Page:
China News Update, July 5, 2012 – U.S.–China ties, South China Sea

Chinese Vice Foreign Minister Cui Tiankai speaks at the Asia Society in Hong Kong July 5, 2012.

  • Today’s news opens with a speech July 5 in Hong Kong by Chinese Vice Foreign Minister Cui Tiankai, a key figure in Chinese relations with the United States. The speech calls for “building a new type of relationship between major countries here in the Asia-Pacific,” a key Hu Jintao phrase from the Strategic and Economic Dialogue (S&ED) between the United States and China in May [speech in Chinese / in English]. The Xinhua storyabout the speech also emphasized this new relationship, suggesting that the idea of something like a U.S.–China “special relationship” is gaining traction in Chinese policy circles.

    The remainder of the speech emphasizes the need for expanded mutual trust between the two countries, and the importance of the Asia-Pacific region as a locus for this relationship. None of this is groundbreaking, but I think it’s worth noting that this is one of the highest-level speeches on the United States since the May meetings that coincided with a diplomatic tangle over the fate of Chen Guangcheng, the self-taught lawyer who escaped home detention and entered the U.S. embassy in Beijing, eventually ending up as a special student at New York University Law School. Cui specifically mentions S&ED as a successful development, and calls out U.S. Assistant Secretary of State Kurt Campbell, who, along with Cui, was reportedly at the center of tense negotiations over Chen.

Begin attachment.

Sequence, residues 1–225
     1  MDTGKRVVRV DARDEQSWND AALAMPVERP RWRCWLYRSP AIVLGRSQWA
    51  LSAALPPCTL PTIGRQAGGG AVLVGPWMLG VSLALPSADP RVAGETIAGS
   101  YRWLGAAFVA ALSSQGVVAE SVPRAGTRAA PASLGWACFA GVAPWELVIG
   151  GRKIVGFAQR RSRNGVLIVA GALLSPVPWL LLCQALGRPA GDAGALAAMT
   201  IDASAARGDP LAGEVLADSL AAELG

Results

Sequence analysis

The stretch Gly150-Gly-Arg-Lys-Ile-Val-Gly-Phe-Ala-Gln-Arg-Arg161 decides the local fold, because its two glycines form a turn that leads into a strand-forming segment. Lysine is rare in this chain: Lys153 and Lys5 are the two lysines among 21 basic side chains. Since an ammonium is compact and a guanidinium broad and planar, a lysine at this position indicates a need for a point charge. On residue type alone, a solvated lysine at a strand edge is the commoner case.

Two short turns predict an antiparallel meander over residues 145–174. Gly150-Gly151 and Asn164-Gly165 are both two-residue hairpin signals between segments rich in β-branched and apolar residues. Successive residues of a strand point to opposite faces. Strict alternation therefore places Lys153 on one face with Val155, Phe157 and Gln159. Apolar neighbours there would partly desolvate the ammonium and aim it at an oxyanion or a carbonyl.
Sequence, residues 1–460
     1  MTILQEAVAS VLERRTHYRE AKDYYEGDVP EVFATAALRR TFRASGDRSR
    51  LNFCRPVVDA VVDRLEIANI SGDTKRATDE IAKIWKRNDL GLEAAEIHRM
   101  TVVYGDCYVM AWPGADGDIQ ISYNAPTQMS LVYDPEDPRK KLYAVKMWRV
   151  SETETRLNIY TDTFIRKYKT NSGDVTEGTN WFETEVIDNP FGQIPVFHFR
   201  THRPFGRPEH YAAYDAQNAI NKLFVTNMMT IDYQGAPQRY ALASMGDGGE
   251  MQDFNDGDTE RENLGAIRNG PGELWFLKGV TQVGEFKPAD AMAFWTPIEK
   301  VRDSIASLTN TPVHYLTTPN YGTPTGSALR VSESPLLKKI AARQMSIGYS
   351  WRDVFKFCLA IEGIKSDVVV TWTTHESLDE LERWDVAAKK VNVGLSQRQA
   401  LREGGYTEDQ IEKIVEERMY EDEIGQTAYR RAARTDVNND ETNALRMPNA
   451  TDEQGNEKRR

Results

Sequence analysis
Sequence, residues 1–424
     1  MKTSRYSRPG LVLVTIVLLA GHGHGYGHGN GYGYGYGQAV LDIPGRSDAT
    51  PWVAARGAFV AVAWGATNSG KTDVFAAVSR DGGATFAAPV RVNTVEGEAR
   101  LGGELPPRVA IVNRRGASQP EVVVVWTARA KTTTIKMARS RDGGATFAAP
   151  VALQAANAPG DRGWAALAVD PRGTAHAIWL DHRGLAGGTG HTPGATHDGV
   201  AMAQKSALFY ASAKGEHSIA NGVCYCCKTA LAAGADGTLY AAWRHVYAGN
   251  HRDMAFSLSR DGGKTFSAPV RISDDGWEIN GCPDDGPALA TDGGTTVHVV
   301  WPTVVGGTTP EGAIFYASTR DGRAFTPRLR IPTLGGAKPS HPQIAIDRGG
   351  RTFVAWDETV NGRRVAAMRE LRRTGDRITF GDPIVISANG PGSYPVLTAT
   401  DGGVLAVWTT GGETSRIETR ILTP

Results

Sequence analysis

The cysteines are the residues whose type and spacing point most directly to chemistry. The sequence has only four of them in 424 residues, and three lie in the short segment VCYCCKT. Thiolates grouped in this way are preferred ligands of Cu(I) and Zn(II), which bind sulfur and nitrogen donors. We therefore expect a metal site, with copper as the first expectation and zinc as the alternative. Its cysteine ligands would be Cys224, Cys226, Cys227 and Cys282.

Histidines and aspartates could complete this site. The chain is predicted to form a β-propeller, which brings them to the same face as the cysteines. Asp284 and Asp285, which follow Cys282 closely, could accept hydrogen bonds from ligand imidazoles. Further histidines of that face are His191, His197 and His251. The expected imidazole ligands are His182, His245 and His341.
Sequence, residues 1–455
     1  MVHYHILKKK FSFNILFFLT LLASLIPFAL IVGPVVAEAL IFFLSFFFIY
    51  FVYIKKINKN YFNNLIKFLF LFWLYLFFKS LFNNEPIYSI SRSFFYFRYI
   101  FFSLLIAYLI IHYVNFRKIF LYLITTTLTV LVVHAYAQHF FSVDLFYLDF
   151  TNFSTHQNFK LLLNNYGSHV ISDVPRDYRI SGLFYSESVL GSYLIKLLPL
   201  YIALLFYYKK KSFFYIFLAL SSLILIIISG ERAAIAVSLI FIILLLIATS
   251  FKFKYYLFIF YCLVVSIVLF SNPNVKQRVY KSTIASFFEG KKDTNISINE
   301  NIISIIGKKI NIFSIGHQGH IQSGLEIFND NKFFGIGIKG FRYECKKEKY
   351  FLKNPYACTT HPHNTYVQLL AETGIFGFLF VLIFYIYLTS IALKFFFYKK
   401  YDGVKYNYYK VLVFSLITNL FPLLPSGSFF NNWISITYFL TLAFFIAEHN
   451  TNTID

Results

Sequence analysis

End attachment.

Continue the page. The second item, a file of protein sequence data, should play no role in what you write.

• The other big news come from U.S. President Barack Obama, whose administration has filed a WTO complaint against China over auto tariffs. The timing had clear political content, as Obama is beginning a campaign trip in the Midwest, where much of the U.S. auto industry makes its home.
  • Meanwhile, the Committee of 100, a group of prominent Chinese Americans, released its 2012 survey of U.S.–China public opinion [pdf] about bilateral ties. The executive summary is worth a skim, as it contains a laundry list of findings.
  • Zhou Yongkang, for one, is not a fan of U.S. opinions on China. According to an AFP story:

    “We will never change in our endeavour to defend the party’s leading role and socialism with Chinese characteristics,” he wrote in the latest edition of a Communist Party publication, “Qiushi”.”We will resolutely resist the attacks of hostile forces on our nation’s political and judicial systems, and we will resolutely resist the influence of mistaken Western political and legal views.”

    Zhou was writing in his position as head of the party’s Politics and Law Commission, which oversees China’s courts, prosecution and police.